Russia involved in anti-protest operations, Kiev says
Gazprom hikes Ukraine gas price for second time in two days03 April, 16:02
The demonstrations, in which dozens of people were killed, led to the ouster of the pro-Russian president Viktor Yanukovych and Russia's annexation of Ukraine's strategic Crimea peninsula the following month.
The new head of Ukraine's security service Valentyn Nalyvaychenko said 26 Russian Federal Security Service (Fsb) operatives had been involved in planning and carrying out operations against the protesters. The Fsb also sent "tonnes" of explosives and weapons by plane to Ukraine, he added.
The Fsb immediately denied the accusations.
"These statements remain on the conscience of the Ukrainian security services," the Fsb press office said. The Ukrainian authorities also said the killing of protesters in and around Kiev's central Maidan square took place "under the direct leadership" of President Yanukovych, who is now in Russia.
The accusations came as the Ukrainian authorities arrested a dozen former members of Berkut, the country's now disbanded anti-riot forces.
"They belonged to what was known as a 'black' unit, devoted to special operations," said Ukraine's new prosecutor general Oleg Makhnitski, accusing them of "distributing weapons including the snipers' guns".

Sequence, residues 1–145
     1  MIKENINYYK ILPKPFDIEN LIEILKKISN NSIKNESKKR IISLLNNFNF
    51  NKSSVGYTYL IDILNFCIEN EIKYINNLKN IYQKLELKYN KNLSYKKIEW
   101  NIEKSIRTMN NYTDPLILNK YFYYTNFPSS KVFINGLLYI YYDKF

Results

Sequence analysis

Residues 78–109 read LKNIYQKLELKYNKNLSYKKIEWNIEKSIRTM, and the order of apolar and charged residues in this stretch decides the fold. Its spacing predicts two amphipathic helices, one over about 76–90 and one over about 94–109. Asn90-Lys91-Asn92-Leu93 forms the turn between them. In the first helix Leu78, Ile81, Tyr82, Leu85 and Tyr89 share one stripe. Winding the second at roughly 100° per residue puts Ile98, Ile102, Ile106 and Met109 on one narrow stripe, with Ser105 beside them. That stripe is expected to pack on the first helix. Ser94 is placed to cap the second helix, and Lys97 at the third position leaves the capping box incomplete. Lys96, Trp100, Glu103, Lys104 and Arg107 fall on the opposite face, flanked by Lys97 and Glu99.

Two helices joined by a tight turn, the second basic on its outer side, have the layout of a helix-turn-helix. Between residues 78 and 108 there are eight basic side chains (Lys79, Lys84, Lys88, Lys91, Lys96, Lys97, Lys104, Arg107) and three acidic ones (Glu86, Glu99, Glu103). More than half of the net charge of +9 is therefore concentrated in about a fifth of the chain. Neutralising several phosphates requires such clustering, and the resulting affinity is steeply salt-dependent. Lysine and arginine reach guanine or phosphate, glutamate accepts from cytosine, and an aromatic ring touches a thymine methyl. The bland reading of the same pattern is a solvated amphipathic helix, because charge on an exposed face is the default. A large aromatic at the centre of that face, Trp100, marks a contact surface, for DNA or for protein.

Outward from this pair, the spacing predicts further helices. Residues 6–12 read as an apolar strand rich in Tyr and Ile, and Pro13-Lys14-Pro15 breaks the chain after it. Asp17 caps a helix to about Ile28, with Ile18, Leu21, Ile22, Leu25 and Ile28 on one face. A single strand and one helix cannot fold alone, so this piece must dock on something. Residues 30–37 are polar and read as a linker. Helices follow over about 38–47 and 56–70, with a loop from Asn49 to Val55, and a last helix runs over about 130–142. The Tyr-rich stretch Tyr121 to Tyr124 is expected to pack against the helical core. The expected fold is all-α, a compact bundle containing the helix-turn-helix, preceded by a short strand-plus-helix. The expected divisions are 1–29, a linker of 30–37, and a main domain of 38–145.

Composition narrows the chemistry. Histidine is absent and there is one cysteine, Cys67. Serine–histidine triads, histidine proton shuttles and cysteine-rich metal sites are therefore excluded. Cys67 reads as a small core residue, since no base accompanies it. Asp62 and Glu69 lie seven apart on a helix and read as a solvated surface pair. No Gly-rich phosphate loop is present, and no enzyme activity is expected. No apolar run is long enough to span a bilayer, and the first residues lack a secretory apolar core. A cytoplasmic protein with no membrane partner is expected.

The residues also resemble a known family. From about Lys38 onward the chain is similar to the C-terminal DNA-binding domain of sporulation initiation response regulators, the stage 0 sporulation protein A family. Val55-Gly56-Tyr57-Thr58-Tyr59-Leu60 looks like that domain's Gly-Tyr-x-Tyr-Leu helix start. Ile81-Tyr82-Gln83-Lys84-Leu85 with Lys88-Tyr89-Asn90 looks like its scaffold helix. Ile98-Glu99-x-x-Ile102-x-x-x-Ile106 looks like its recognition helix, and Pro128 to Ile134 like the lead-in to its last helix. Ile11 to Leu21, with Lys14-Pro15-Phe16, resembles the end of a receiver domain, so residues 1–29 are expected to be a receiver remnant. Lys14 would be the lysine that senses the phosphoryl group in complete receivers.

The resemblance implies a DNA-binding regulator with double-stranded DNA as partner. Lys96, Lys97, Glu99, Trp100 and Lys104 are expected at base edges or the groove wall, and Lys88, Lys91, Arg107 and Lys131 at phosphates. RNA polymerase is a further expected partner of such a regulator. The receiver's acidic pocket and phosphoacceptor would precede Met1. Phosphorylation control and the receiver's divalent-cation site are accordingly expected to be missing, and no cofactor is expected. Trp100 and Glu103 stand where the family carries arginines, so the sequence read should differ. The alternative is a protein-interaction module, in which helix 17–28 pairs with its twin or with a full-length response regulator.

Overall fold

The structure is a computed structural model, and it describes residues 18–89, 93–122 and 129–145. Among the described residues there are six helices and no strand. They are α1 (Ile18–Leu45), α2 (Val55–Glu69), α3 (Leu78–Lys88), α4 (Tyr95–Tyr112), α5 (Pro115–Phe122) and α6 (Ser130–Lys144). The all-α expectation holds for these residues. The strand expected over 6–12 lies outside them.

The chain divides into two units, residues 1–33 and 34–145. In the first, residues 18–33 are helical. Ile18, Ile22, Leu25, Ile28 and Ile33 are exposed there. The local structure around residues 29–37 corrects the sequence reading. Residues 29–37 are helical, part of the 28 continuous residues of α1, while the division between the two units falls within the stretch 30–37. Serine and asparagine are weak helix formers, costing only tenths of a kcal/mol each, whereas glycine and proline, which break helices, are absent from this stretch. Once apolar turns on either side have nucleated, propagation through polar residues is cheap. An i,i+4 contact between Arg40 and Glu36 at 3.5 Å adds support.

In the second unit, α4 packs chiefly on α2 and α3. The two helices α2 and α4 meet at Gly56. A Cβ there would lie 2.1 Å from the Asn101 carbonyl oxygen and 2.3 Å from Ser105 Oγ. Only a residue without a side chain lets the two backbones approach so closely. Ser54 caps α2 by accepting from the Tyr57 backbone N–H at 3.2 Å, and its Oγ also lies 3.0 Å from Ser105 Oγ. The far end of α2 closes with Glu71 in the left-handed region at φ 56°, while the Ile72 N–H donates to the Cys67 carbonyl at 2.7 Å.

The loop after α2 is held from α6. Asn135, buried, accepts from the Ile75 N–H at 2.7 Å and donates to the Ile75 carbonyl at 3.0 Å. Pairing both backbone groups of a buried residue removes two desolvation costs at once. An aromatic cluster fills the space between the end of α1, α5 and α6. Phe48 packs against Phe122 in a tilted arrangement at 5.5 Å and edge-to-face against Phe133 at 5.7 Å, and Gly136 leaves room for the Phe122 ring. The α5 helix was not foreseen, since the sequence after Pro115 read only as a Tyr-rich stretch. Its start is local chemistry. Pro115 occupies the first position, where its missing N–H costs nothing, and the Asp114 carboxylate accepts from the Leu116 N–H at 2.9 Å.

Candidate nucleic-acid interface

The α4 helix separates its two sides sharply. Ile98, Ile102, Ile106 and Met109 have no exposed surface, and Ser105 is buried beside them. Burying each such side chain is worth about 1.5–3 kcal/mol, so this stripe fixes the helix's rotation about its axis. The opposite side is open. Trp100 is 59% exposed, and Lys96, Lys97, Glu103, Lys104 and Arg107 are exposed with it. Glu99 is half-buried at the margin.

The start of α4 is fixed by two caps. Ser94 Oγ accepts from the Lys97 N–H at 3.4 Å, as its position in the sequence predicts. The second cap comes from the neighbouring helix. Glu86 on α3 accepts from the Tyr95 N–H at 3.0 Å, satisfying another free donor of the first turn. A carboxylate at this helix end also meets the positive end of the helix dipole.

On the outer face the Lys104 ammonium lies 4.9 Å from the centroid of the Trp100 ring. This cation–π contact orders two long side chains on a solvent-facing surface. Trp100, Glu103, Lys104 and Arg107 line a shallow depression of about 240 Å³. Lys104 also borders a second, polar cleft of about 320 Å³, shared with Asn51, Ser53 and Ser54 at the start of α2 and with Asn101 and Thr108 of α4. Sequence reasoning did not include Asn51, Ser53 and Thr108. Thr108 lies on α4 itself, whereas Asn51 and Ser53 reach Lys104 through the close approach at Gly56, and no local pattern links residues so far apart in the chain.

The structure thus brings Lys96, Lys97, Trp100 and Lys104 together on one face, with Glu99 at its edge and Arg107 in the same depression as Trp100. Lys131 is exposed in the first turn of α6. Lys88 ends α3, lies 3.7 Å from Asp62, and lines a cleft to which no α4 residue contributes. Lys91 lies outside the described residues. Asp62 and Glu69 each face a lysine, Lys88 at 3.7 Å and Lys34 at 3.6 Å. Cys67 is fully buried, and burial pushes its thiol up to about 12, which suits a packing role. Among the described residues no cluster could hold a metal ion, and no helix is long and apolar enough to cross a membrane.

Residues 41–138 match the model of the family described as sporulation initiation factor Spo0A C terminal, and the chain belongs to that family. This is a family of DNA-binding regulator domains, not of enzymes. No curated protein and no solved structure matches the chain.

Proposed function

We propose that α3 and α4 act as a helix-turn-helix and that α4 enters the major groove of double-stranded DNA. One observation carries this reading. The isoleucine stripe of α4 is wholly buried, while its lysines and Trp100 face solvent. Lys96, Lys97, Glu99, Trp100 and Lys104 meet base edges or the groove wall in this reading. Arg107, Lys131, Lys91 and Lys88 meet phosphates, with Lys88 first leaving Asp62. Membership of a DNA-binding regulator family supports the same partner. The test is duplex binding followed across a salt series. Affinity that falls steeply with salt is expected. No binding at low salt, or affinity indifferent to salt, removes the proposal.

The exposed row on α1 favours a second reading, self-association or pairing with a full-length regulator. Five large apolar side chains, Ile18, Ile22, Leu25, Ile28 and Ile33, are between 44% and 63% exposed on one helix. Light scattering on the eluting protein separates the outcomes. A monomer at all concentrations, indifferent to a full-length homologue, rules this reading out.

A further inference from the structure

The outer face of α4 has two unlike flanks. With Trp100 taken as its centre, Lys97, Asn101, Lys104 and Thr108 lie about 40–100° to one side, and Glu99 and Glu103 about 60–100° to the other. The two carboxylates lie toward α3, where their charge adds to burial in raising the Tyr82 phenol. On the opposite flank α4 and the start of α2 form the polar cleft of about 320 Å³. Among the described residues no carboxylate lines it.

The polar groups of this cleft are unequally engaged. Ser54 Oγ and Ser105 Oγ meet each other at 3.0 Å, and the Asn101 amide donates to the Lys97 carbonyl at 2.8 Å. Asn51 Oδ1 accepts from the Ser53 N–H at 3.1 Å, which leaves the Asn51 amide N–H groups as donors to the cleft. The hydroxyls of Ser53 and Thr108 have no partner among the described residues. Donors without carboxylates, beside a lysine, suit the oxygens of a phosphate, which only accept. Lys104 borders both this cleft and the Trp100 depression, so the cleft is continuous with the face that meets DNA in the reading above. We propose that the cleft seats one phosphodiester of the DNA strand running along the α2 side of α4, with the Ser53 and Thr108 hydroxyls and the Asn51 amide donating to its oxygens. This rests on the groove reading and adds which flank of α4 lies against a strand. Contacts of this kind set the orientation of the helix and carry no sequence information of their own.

Meanwhile Russia continued to squeeze Kiev's fledgling government on Thursday by further raising the price of gas supplies to Ukraine.
Alexiei Miller, CEO of Russian energy giant Gazprom, announced a new price of $485 per 1,000 cubic metres, the second hike in just two days.
On Tuesday Miller said the state-owned company was scrapping a discount awarded to Yanukovych in December after he ditched an agreement with the European Union in favour of closer ties with Russia, raising the price of gas from $268.5 to $385.5 per 1,000 cubic metres.
On that occasion the Gazprom chief said the price hike was due to Ukraine's inability to pay down its debts, which on Tuesday were said to be in the region of $1.7 billion.
On Thursday Miller said Kiev now owed Gazprom $2.2 billion.
Also on Thursday, the European parliament voted to slash customs duties on imports from Ukraine. The measure, which eliminates around 98% of existing duties, should save Ukrainian firms around 487 million euros per year.